This is one of the biggest challenges care givers face. Mom or dad is getting frail, want to remain in their home, and do not want anyone (besides family) coming over to help. You research options, and find some good ones. This might include: meal delivery, home health aid assistance, house cleaning, in the home, or may mean a move to a place where care is included, such as assisted living. These all sound like good, helpful options to you, but your parent refuses. This leaves you providing their care, and worrying that it is not enough, or how they are doing when you are not there.
How to convince them to accept more help?
First, you need to look at decision making capacity. Is your parent struggling with memory, or judgment? If so, they need to get a medical evaluation so that they and you know definitively what their diagnosis is and what this means in terms of making decisions. Memory impairment does not mean that your parent cannot make decisions, but it is an indication that plans need to be in place, to assist with decisions, and for the future, when their memory impairment could become worse.
Your parents, (and you!) should also have advances directives in place for decision making, if they are not able to. This is accomplished with an elder law attorney. This means they chose someone to make health and financial decisions in the event that they cannot. This is a good opportunity to discuss what your parent would want for end of life care, or care during a serious illness, so that you can make decisions for them, that they would have wanted.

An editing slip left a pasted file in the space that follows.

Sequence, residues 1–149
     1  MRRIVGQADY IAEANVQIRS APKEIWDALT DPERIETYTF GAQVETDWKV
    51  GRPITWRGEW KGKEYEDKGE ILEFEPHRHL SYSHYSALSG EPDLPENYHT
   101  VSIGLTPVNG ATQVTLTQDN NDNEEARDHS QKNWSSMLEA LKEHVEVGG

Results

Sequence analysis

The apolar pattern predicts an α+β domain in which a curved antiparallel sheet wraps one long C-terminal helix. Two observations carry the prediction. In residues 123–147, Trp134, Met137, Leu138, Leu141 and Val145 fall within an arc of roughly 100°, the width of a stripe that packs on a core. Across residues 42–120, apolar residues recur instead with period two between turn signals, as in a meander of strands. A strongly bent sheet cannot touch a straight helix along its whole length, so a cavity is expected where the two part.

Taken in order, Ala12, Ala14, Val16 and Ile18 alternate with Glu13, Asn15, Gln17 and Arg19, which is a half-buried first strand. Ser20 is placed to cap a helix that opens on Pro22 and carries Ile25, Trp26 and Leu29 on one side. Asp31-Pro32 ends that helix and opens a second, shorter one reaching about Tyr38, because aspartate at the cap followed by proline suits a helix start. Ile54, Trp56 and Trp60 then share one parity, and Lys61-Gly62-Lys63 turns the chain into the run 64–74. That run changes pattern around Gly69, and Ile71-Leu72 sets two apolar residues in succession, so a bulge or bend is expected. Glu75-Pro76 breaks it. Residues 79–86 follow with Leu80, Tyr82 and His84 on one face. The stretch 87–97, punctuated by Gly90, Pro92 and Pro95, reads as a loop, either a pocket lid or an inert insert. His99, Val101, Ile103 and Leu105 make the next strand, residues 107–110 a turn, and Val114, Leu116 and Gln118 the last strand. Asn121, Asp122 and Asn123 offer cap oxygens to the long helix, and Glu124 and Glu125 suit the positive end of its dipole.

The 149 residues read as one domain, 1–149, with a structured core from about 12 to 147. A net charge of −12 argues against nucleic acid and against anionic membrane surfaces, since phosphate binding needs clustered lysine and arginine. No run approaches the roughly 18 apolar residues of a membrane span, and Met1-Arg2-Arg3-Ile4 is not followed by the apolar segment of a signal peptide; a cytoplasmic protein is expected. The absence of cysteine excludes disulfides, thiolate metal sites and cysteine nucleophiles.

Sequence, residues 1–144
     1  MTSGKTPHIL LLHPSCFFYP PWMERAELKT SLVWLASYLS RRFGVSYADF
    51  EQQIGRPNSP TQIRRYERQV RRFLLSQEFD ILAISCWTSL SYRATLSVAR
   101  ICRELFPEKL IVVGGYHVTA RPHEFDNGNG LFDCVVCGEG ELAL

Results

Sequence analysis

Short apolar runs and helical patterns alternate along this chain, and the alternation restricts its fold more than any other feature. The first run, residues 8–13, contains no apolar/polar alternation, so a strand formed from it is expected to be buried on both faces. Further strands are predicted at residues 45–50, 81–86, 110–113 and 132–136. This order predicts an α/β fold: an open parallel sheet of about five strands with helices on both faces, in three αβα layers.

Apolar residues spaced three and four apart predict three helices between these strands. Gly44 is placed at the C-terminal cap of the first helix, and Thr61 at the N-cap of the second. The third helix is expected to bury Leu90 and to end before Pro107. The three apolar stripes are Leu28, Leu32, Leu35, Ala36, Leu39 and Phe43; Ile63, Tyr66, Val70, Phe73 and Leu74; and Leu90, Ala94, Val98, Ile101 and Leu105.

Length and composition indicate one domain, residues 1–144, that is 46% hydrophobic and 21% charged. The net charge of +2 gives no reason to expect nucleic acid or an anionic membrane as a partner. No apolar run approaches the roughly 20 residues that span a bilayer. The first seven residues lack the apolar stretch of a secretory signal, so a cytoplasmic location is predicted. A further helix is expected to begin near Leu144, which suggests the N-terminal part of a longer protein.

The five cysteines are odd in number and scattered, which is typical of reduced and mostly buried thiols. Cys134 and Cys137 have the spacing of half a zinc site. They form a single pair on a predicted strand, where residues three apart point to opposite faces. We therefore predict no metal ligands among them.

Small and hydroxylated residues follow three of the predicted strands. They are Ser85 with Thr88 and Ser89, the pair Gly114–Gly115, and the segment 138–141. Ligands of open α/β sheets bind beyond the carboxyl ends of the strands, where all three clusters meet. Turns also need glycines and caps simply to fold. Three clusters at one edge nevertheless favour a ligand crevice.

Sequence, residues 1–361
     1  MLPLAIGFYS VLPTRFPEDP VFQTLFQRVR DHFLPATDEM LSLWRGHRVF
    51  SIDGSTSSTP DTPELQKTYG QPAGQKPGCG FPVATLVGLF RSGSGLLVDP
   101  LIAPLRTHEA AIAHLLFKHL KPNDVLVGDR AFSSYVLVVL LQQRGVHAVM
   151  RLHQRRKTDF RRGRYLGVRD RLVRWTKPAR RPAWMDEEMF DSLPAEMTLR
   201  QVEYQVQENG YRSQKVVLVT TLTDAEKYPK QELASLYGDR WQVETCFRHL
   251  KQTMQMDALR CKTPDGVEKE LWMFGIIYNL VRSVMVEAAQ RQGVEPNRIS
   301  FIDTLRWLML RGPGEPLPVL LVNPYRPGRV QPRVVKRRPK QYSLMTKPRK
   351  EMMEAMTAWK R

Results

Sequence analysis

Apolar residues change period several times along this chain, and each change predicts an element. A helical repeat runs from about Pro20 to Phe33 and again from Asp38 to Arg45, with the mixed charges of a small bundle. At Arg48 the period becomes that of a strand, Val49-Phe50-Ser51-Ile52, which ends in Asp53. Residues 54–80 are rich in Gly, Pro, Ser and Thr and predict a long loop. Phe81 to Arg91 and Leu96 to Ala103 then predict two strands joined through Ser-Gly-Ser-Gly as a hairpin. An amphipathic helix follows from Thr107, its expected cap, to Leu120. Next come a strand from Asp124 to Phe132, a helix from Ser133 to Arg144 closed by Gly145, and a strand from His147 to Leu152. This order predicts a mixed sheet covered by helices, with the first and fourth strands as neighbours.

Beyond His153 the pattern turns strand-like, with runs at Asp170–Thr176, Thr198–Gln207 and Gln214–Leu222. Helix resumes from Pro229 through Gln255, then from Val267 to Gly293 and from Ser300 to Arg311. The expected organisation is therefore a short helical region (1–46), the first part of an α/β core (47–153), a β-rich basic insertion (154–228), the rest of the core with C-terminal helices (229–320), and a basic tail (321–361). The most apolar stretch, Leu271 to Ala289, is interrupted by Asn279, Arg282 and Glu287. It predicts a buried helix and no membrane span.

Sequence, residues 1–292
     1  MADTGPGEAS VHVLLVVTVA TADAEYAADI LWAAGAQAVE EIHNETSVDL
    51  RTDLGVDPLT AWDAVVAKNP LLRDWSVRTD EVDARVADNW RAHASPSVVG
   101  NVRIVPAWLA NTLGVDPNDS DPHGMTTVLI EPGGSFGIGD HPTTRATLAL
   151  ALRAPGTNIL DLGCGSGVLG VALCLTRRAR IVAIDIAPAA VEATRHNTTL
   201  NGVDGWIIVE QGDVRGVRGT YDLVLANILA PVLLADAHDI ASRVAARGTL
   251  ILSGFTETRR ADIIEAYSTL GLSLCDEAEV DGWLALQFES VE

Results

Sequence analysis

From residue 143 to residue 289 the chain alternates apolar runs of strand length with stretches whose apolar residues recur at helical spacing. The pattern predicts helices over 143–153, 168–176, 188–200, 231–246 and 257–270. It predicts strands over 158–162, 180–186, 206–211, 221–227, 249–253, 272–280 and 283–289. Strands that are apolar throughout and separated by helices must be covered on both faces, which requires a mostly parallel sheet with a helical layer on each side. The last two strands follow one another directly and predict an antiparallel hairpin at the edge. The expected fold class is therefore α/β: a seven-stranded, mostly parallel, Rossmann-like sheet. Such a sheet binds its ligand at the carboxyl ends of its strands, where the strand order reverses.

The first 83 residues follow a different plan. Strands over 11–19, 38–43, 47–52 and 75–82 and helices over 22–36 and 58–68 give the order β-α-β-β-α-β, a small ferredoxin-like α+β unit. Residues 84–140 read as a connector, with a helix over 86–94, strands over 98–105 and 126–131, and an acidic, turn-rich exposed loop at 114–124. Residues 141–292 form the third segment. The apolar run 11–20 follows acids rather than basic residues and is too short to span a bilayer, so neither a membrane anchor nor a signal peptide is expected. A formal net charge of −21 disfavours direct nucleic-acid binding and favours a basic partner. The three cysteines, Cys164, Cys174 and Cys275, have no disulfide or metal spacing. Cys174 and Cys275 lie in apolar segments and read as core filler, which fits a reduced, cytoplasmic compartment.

It is best when taking the above steps to begin a discussion with your parent as to what their goals and wishes are for this time in their life. Ask them what they would like and what their concerns are. Keep an open mind during this discussion. Allow them to say what is on their mind. If you disagree, you can discuss your concerns later. Listen and validate their concerns. Statements like “I can understand that concern” can help them feel heard.
Then, when working towards bringing care into the home, or a move, share with them your research. Inform them that you have looked at all the options, and this is the best one that you could find.
Discuss your concerns and see where their goals and yours for them intersect. Validate that the change is hard, and that you are there for them, to problem solve if needed. Let them know you are partnering with them, to meet their goals. It can be helpful for some caregivers to tell their parents that this help is to give them (the child) piece of mind, so they are able to be at work, or away, or meeting their obligations, without worrying about the parent.
You may have to start small, they may just accept a house cleaner, and not a home health aid. Use this as a starting point. If this goes well, then after a time, you can reintroduce the idea of the home health aid. This is what I call baby steps. Introduce a small change, allow time to adjust, and then try for more. As you try for more, remind them that they are happy with the house cleaner (which I hope they are) and were anxious about that at first.
It is challenging to step into someone else’s life to help them when they used to do it all for themselves. Just know that you are not alone, and don’t try to change too much at once, take it one thing and one day at a time.